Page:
Occult Interpretation of Scripture The hermeneutical (interpretive-RB) principles which we have now set forth necessarily exclude the doctrine that the prophecies of Scripture contain an occult or double sense. It has been alleged by some that as these oracles are heavenly and divine we should expect to find in them manifold meanings. They must needs differ from other books. Hence has arisen not only the doctrine of a double sense, but of a threefold and fourfold sense, and the rabbis went so far as to insist that there are "mountains of sense in every word of Scripture." We may readily admit that the Scriptures are capable of manifold practical applications; otherwise they would not be so useful for doctrine, correction, and instruction in righteousness (2 Tim. 3:16). But the moment we admit the principle that portions of Scripture contain an occult or double sense we introduce an element of uncertainty in the sacred volume, and unsettle all scientific interpretation. "If the Scripture has more than one meaning," says Dr. Owen, "it has no meaning at all," "I hold," says Ryle, "that the words of Scripture were intended to have one definite sense, and that our first object should be to discover that sense, and adhere rigidly to it... To say that words do mean a thing merely because they can be tortured into meaning it is a most dishonourable and dangerous way of handling Scripture." "This scheme of interpretation," says Stuart, "forsakes and sets aside the common laws of language. The Bible excepted, in no other book, treatise, epistle, discourse, or conversation, ever written, published, or addressed by any one man to his fellow beings (unless in the way of sport, or with an intention to deceive), can a double sense be found. There are, indeed, charades, enigmas, phrases with a double entente, and the like, perhaps, in all languages; there have been abundance of heathen oracles which were susceptible of two interpretations; but even among all these there never has been, and there never was a design that there should be, but one sense or meaning in reality. Ambiguity of language may be, and has been, designedly resorted to in order to mislead the reader of hearer, or in order to conceal the ignorance of soothsayers, or to provide for their credit amid future exigencies; but this is quite foreign to the matter of a serious and bona fide double meaning of words. Nor can we for a moments, without violating the dignity and sacredness of the Scriptures, suppose that the inspired writers are to be compared to the authors of riddles, conundrums, enigmas, and ambiguous heathen oracles." (Cited in Milton Terry, Biblical Hermeneutics: A Treatise on the Interpretation of the Old and New Testaments, p. 493-494) Pagans and Politics The judicial question I raised in Political Polytheism is this: Is the non-Christian in a Christian nation to be a citizen or a stranger in the land? This assumes that the civil government is a covenantal organization that is lawfully established by a self-maledictory oath under the God of the Bible. Put another way, is it biblically legitimate for Christians to do what the state of Israel has done and what Islamic nations have done; covenant nationally with an identified god? If so, then should the non-Christian be given the right to exercise political sanctions against Christians? Should he have the right to vote? The stranger in ancient Israel did not serve as a judge, although he received all the benefits of living in the land. The political question is this: By what biblical standard is the pagan to be granted the right to bring political sanctions against God's people? We recognize that unbelievers are not to vote in Church elections. Why should they be allowed to vote in civil elections in a covenanted Christian nation? Which judicial standards will they impose? By what other standard than the Bible? Gary North, Westminster's Confession: The Abandonment of Van Til's Legacy (Tyler, TX: Institute for Christian Economics, 1991), p. 227. Politics Fourth? The first step is to adopt a slogan. Every revolution needs slogans. Here is mine: politics fourth. First comes personal faith in Jesus Christ as Lord and Savior (not just Savior). Second comes Church renewal. There can be no successful reformation of society without first beginning a reformation of the Church. Third comes family renewal. this involves pulling your children out of the public schools. fourth comes local politics. At a minimum, this would involve public protests against abortion. From there we go to state and national politics. (North, Political Polytheism: The Myth of Pluralism [ICE, 1989], p. 559.) PREACHING CHRIST CRUCIFIED "..that there is no such a thing as preaching Christ and him crucified un less you preach what is now-a-days is called Calvinism. I have my own ideas, and those I state boldly. It is a nickname to call it Calvinism; Calvinism is the gospel, and nothing else." C. H. Spurgeon, The New Park Street Pulpit, Vol. 1 (1856), see also Spurgeon's sermons, "A Defense of Calvinism," "Election," and "Free Will A Slave." The Providence of God As the providence of God doth, in general, reach to all creatures; so, after a most special manner, it taketh care of His Church, and disposeth all things to the good thereof. (The Westminster Confession of Faith , ch. 5:7) PSALM ONE O greatly blessed is the man Who walketh not astray In counsel of ungodly men Nor stands in sinners' way, Nor sitteth in the scorner's chair But placeth his delight Upon GOD's law, and meditates On His law day and night. He shall be like a tree that grows Set by the waterside, Which in its season yields its fruit, And green its leaves abide; And all he does shall prosper well. The wicked are not so, But are like the chaff which by the wind Is driven to and fro. In judgement therefore shall not stand Such a ungodly are, Nor in th' assembly of the just Shall wicked men appear Because the way of godly men Is to Jehovah known; Whereas the way of wicked men Shall be quite overthrown.1 1. "Psalm 1A" The Book of Psalms for Singing (Pittsburgh, PA: Crown and Covenant Publications, 1973). See catalogue. Psalm Singing It is the duty of Christians to praise God publickly, by singing of psalms together in the congregation, and also privately in the family. (Westminster Directory for the Publick Worship of God ) repentance Men ought not to content themselves with a general repentance, but it is every man's duty to endeavour to repent of his particular sins, particularly. (The Westminster Confession of Faith , ch.15:5) As there is no sin so small, but it deserves damnation, so there is no sin so great, that it can bring damnation upon those who truly repent. (The Westminster Confession of Faith , ch.15:4) REPENTANCE UNTO LIFE Repentance unto life is an evangelical grace, the doctrine whereof is to be preached by every minister of the gospel, as well as that of faith in Christ. By it a sinner, out of the sight and sense, not only of the danger, but also of the filthiness and odiousness of his sins, as contrary to the holy nature and righ teous law of God, and upon the apprehen sion of his mercy in Christ to such as a re penitent, so grieves for and hates his sins, as to turn from them all unto God, pur posing and en deavouring to walk with him in all the ways of his command ments. - From Chapter 15:1, 2 of The Westminster Confession of Faith (Free Presbyterian Publications,  1981 edition), pp. 65-66. The Second Greatest Commandment The sins forbidden in the second commandment are, all devising, counselling, commanding, using, and any wise approving, any religious worship not instituted by God himself, tolerating a false religion; the making any representation of God, of all or of any of the three persons, either inwardly in our mind, or outwardly in any kink of image, or likeness of any creature whatsoever; all worshipping of it, or God in it or by it; the making of any representation of feigned deities, and all worship of them, or service belonging to them; all superstitious devices, corrupting the worship of God, adding to it,of taking from it, whether invented and taken up of ourselves, or received by tradition from others, though under the title of antiquity, custom, devotion, good intent, or any other pretence whatsoever; simony; sacrilege; all neglect, contempt, hindering, and opposing the worship and ordinances which God hath appointed. (Westminster Larger Catechism , Answer 109)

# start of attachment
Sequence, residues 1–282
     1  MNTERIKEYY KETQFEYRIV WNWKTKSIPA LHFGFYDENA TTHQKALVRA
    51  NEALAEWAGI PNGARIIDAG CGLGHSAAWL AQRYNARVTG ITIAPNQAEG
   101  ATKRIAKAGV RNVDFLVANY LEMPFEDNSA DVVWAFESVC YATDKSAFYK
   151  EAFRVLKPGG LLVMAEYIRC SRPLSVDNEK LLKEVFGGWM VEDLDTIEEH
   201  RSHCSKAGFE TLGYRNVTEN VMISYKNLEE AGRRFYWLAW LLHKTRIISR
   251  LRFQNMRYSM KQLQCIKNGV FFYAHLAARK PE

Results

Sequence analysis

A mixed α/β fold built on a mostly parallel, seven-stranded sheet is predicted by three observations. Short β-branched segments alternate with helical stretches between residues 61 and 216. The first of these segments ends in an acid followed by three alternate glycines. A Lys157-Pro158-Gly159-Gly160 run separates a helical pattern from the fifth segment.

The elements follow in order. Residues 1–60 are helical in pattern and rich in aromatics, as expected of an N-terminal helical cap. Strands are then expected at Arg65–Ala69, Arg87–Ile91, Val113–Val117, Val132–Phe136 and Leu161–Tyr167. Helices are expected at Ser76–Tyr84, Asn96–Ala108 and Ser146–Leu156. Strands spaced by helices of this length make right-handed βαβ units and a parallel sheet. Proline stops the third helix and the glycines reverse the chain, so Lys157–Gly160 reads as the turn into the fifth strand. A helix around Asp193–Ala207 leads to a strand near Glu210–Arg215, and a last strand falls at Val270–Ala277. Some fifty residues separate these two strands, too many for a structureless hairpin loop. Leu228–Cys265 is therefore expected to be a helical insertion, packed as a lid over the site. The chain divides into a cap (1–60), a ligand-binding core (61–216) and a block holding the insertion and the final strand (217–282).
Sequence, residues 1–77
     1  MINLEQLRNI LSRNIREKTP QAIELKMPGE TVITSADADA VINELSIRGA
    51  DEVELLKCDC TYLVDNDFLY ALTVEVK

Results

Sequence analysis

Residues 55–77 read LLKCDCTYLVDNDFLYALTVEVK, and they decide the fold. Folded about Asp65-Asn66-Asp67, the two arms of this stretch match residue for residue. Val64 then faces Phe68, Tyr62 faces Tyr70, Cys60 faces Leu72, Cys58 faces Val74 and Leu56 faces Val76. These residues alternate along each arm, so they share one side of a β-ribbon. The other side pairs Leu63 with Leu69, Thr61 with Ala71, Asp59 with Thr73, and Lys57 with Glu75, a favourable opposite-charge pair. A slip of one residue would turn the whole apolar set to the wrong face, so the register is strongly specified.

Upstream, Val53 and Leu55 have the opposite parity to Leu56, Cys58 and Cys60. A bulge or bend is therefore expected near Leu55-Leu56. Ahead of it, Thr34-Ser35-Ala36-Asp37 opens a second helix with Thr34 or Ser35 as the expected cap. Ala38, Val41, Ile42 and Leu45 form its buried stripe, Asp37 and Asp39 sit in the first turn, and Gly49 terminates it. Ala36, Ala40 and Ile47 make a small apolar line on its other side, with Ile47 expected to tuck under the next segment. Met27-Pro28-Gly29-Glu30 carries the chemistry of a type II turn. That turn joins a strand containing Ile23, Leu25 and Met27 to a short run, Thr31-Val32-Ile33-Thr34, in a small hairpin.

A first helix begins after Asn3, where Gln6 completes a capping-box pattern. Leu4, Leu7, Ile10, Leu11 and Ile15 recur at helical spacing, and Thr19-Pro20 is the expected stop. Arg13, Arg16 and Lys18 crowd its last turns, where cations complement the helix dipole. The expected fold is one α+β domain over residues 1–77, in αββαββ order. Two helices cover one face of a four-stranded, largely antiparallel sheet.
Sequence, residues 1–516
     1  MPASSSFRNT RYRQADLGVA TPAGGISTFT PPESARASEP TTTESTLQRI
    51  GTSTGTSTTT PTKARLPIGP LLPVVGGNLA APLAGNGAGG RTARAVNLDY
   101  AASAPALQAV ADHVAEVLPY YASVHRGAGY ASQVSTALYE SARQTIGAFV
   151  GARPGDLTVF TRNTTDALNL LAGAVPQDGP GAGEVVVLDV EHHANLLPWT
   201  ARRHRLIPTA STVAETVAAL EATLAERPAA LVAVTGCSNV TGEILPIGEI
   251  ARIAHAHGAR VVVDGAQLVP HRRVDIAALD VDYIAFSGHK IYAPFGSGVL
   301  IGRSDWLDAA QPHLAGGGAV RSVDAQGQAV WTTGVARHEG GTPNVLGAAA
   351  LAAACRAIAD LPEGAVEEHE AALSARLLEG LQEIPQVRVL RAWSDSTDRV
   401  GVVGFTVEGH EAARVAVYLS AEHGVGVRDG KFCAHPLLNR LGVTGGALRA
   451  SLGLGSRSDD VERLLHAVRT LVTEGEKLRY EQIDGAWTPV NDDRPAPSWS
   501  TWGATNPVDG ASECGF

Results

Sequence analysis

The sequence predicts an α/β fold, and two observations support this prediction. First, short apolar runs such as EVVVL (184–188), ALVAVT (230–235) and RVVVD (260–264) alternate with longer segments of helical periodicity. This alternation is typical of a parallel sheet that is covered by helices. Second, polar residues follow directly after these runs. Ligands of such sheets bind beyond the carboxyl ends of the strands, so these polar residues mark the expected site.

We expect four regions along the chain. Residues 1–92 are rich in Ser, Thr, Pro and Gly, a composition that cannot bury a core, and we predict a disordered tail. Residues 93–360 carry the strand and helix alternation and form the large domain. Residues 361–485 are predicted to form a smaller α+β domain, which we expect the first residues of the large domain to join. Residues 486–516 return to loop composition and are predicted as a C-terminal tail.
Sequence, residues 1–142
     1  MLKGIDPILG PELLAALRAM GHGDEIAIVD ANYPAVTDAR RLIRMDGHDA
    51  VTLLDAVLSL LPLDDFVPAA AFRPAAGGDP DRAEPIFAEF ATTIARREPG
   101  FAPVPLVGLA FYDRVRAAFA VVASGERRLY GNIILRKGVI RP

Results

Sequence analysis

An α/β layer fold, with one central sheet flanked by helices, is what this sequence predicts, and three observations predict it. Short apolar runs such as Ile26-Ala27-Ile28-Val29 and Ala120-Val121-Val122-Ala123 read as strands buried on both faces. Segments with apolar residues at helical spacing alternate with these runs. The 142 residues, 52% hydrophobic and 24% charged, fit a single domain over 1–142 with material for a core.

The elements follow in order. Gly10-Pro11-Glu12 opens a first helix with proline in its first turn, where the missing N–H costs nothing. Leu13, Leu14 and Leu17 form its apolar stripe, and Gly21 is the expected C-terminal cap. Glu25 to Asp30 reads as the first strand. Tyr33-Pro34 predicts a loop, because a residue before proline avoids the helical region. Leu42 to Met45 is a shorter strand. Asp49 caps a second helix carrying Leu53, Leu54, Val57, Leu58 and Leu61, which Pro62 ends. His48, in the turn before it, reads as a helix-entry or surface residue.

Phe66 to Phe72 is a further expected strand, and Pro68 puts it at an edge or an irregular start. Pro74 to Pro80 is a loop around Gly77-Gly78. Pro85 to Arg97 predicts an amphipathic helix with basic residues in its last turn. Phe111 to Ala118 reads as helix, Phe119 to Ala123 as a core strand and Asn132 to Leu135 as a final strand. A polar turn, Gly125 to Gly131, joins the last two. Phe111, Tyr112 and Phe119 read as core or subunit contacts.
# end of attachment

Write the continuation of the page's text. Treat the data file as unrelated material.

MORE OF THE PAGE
The true Church of Christ is distinguished by three particulars, as characteristics: Truth, piety and liberty. Truth in doctrine, piety in worship, and liberty in government. So also, the false church is distinguished by three marks: Heresy, idolatry and tyranny. If any of these obtain in a community, which glories in the name, church, we should necessarily separate ourselves from it. Such a secession preserves the true unity of the church.